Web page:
AUGUSTA — When Republican lawmakers took office with majorities in both chambers nearly two years ago, they pledged to cut state spending and, in particular, the state’s Medicaid program.

At the time, there were 361,000 Mainers on MaineCare, the state’s version of Medicaid. Today, there are 343,000, according to the Department of Health and Human Services. And while some of that drop is because of attrition and other factors, much of it is because of new limits imposed on the program.

After all the cuts take effect — some require federal permission — 38,000 people in Maine will be dropped from Medicaid health care coverage and an additional 12,000 will lose some of their coverage, according to the Legislature’s nonpartisan fiscal office, as well as estimates from social service advocates.

To some, the cuts amount to nibbling around the edges of a very large program. To others, the cuts go too deep already.

“We’d like to see a much more aggressive pace in getting back to the national norms,” said Lance Dutson, executive director of the Maine Heritage Policy Center.

For the past few years, the policy center has pushed lawmakers to trim the system, pointing to statistics that show Maine has the third-highest percentage of its population on Medicaid. Gov. Paul LePage has urged lawmakers to be more aggressive, too, chiding them for modifying his proposals and saying he will bring back rejected cuts next year.

Over the past two years, the Republican-led Legislature has voted to eliminate Medicaid for 19 and 20 year olds; frozen health insurance for childless adults, which prevents any new enrollees from getting the benefit; changed the income levels for parents of children on MaineCare so fewer parents qualify; cut funding to programs that help senior citizens pay for prescription drugs; and cut funding for programs such as Head Start.

Overall, state and federal spending on MaineCare has dropped from $2.6 billion in fiscal year 2010 to $2.4 billion in fiscal year 2012, according to DHHS.

Assistant Senate Majority Leader Justin Alfond, D-Portland, said when he campaigned two years ago, he heard from voters that they wanted the Legislature to focus on jobs.

“None of them said go cut 50,000 people off basic health care,” he said. “I don’t think anyone thought it was a top priority.”

When he campaigns this year, Alfond said, he and other Democrats will talk to voters about the cuts.

And while much of the attention has focused on cuts, the budget passed last week by Republicans added about $500,000 to a program to help reduce the waiting list for people with intellectual disabilities or autism. Republicans say that’s part of their effort to refocus the program to help those they consider to be truly in need, and get away from coverage for healthy adults.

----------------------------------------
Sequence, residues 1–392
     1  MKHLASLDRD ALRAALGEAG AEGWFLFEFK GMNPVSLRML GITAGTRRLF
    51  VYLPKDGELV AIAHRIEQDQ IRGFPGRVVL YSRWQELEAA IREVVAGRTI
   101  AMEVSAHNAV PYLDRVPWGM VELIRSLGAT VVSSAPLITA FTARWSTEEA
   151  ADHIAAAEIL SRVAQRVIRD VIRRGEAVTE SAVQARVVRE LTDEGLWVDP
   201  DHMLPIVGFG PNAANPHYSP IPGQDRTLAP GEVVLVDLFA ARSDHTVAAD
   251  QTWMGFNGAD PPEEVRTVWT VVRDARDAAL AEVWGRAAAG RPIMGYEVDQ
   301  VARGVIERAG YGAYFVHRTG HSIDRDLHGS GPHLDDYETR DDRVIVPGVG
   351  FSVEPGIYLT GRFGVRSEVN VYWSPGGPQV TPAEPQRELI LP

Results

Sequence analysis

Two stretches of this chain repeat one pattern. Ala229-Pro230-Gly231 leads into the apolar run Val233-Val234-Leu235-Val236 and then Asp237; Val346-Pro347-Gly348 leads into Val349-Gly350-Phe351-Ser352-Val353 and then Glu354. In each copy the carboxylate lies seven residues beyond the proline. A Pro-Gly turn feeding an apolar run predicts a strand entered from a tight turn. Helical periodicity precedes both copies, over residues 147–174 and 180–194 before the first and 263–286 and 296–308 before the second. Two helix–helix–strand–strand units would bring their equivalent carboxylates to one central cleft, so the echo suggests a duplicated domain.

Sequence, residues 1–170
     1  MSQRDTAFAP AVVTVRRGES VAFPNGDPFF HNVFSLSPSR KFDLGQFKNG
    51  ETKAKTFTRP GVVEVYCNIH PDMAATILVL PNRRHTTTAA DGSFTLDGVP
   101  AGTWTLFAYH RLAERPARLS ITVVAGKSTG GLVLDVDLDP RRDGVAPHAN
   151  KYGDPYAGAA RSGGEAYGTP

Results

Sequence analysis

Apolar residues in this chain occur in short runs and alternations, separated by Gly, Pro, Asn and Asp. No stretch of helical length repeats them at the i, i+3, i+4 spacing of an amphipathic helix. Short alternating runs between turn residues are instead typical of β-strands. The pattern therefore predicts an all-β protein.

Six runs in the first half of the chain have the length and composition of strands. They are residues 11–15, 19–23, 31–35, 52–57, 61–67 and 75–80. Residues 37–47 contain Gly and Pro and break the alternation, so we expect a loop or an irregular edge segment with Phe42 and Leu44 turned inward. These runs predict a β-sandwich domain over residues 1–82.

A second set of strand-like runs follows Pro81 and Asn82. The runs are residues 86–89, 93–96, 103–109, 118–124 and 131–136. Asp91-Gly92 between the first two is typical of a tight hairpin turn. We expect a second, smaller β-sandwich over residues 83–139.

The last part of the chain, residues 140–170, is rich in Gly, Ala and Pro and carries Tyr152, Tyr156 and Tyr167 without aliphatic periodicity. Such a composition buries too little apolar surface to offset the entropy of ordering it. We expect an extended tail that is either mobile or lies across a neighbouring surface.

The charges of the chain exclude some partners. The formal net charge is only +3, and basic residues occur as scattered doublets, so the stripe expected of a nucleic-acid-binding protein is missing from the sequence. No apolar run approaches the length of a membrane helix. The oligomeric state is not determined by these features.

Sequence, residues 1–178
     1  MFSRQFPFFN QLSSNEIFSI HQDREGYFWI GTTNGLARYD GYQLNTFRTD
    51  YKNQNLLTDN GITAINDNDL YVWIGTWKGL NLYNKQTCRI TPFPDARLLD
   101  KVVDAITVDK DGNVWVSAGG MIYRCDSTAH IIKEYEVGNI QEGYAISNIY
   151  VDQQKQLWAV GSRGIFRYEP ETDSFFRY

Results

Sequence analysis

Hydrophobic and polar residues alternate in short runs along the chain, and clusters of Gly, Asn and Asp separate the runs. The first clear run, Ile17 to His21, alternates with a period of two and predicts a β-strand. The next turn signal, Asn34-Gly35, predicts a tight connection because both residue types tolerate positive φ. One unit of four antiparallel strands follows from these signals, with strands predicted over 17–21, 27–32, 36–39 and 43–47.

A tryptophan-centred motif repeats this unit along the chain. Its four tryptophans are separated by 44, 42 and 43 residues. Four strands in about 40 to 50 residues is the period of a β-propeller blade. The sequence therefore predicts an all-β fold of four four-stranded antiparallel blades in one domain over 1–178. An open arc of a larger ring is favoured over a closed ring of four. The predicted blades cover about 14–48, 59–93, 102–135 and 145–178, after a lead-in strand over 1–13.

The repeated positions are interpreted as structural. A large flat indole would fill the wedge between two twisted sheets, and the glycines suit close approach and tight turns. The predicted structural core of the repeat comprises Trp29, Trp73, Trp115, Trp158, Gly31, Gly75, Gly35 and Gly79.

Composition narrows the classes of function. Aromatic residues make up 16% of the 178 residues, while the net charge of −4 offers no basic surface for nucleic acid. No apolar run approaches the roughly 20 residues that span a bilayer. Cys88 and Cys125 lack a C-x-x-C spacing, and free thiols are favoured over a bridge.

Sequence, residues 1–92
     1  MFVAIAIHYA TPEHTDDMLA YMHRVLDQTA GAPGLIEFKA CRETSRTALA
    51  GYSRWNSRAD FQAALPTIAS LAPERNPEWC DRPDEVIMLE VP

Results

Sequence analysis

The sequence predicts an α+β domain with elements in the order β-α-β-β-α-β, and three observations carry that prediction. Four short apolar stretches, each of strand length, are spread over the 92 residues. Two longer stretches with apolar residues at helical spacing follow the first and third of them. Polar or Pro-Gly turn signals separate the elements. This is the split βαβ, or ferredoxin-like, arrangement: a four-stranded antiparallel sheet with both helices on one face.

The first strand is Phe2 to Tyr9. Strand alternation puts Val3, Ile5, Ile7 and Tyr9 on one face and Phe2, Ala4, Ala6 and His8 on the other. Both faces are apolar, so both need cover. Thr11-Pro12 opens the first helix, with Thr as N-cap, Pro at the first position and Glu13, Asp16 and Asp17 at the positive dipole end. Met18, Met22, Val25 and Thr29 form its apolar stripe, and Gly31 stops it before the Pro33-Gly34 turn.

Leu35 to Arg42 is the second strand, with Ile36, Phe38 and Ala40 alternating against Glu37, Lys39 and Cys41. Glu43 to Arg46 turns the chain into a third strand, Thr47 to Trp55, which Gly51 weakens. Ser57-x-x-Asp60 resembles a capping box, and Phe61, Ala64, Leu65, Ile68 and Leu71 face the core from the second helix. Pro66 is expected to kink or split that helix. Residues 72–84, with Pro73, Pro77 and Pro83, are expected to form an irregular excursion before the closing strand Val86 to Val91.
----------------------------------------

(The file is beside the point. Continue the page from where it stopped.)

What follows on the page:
Sen. Roger Katz, R-Augusta, said that while MaineCare supporters packed the hallways of the State House to protest the cuts, when he leaves the building, he hears a different story from average voters.

“When I go to the grocery store, I see people walking up to thank us for getting Maine back to the national mainstream,” he said. “Most people understood when you had the third-highest percentage of the population on MaineCare in the country, that’s not sustainable.”

Meanwhile, some question whether the budget passed last week is even balanced. The state needs the federal government to grant three waivers in order to cut certain programs, and some advocates think it’s unlikely the state will get the permission it needs to scale back coverage.

Sara Gagne-Holmes, executive director of Maine Equal Justice, said everyone will be touched by the cuts.

“If people take the time to look at their families, neighbors, friends, this impacts everybody in the state of Maine,” she said.

Even if there’s no personal connection, Gagne-Holmes said those who no longer have health care coverage will show up at hospitals needing care, a cost that will get passed on to those who have health insurance.

House Speaker Robert Nutting, R-Oakland, said Republicans passed the budget last week without Democratic support because they felt they had to make the hard choices.

“Those are the people who are frankly most able to get assistance from other programs or fund their own health care,” he said. “It’s mostly trying to begin to cut back on the explosion of MaineCare without doing harm to our most vulnerable.”

Nutting said he hopes the cuts, coupled with signs that the economy is improving, will mean the next Legislature won’t be faced with the same kind of deficits at DHHS.

“I think after the general election, particularly after we settle on a president, a lot of companies sitting on money waiting to see who’s going to be in charge — what the economy is going to look like — I think then no matter who is elected president, we’ll see the economy start to come back,” he said.

Susan Cover — 620-7015

[email protected]


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